Pharmacist Resume Writing Dos and Don'ts


These résumé writing Dos and Don'ts may help you stay competitive in today's pharmacy job market.

I got my very first job as a pharmacist without a résumé. Word of mouth from my previous employer was good enough to get me hired by my future boss.

Looking back, I don’t think I really understood how to draft a professional résumé anyway. After all, it wasn’t exactly in my pharmacy school curriculum.

Today, the job market for pharmacists is saturated in much of the country, so pharmacists need every advantage they can get to stand out among the pack and get hired.

Fortunately, my skills in résumé writing have greatly improved over the years, and I have learned many lessons either from my own experience or from others.

Here are some of my résumé writing Dos and Don’ts to help you stay competitive in today’s pharmacy job market.


  • Be honest! One of the fastest and most surefire ways to lose a job prospect is by having a would-be employer find out that something in your résumé was falsified. In an industry as interconnected as pharmacy, employers can easily verify information by contacting your previous supervisors.
  • Detail all of your applicable achievements and experiences (e.g. internships, externships, rotations, previous positions). I advise that you continuously take note of all the tasks you do, regardless of how small they might seem, as they may very well add depth to your résumé.
  • Mind your grammar and consistency. You can use a certain font size for the content and a slightly larger font size for the headings, but make sure you keep this format consistent throughout your résumé. Grammar-correcting software (e.g. Microsoft Word) is common, so there is no excuse for spelling errors and poor grammar.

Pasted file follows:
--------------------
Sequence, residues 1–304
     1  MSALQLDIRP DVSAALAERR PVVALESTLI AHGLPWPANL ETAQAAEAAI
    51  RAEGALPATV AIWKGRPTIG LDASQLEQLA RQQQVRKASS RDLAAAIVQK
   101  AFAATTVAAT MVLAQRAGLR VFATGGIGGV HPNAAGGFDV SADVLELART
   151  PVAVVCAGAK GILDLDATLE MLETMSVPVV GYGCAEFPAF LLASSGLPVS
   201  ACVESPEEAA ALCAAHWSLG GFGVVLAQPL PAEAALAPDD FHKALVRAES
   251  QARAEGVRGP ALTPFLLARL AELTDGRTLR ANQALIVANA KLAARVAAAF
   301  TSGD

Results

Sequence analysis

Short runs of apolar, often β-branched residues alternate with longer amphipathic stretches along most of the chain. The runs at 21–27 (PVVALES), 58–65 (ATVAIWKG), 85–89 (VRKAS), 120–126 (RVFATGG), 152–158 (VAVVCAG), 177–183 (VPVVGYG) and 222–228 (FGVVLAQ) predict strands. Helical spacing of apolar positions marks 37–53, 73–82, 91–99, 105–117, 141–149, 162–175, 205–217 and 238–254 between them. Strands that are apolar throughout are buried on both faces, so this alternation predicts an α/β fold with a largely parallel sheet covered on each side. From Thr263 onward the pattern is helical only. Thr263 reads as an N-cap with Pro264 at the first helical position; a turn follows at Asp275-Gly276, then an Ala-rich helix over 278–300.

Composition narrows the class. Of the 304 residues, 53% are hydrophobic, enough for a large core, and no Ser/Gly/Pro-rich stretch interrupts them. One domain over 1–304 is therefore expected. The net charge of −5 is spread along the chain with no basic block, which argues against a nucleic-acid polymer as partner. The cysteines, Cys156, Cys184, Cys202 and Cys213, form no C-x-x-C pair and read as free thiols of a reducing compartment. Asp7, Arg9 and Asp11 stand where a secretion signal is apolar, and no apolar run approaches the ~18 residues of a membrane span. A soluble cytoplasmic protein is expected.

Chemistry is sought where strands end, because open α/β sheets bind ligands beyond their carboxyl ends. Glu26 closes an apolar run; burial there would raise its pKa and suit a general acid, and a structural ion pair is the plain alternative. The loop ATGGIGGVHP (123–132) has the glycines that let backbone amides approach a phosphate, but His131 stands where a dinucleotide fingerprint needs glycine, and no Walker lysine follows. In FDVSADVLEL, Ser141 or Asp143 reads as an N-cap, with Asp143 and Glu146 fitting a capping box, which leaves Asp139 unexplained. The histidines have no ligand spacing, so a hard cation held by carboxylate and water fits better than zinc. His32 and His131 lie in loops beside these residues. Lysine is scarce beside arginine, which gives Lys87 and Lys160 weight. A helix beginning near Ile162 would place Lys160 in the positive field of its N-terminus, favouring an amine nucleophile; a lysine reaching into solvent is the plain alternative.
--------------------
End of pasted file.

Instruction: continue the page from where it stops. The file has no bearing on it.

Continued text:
• Continuously update your résumé. There should always be new items to add and revisions to make. It is a perpetual work in progress.
  • Incorporate the following basic headings: Contact Information, Education, Relevant Coursework, Technical Skills, and Honors and Awards. You should pay special attention to your most qualifying work experiences, projects you have led, and skills you have developed that make you stand out among those applying for the same position.
  • Include basic information for every job you list, such as the organization’s name and location (city, state), title/position held, and dates you were employed. Be sure to describe in detail the level of responsibility, special contributions, skills, and abilities that you demonstrated in each of your jobs. “Implemented and led immunization services for a clinic attending to more than 1000 patients” is a more compelling statement than “Ran an immunization clinic.”
  • Ask the person you intend to cite as a reference for permission to do so, as a professional courtesy.


  • Lie! I included this in the Do list but it merits a second mention.
  • Use any color other than black or font other than Times New Roman, Arial, or Helvetica. Pharmacy is not really the ideal industry to show off your artistic side on a résumé. A font size of 10 or 11 is good to use.
  • Write N/A under a heading (e.g. “Relevant Coursework,” “Technical Skills,” or “Honors and Awards”). Just leave it off completely.
  • Put “Résumé” at the top of your document. It is obvious that the document is a résumé.
  • Overuse bold, italics, or underlined words. These highlighting features should guide the reader to the most important features of your résumé and will lose more value the more you use them.
  • List your friends and family as references. It is best to use your contacts in the industry who can best advocate for your professional skills.
  • Mention jobs that have nothing to do with the industry, unless it is something particularly interesting and noteworthy. No one in pharmacy needs to know about your first job at Burger King.
  • Offer unsolicited personal information about yourself, such as age, race, ethnicity, political affiliation, religion, marital status, hobbies, and photographs. Your employer can hear more about your personal interests when you make small talk during the interview.

A solid résumé is in a perpetual state of updates and upgrades. It is a work in progress that must provide the best possible reflection of who you are as a professional.

Your résumé will be the first impression you make on your potential employer, so if it is sloppy, then you will be cast aside for another candidate.

Refine your résumé and make it the best that it can be. Your next job could be counting on it.

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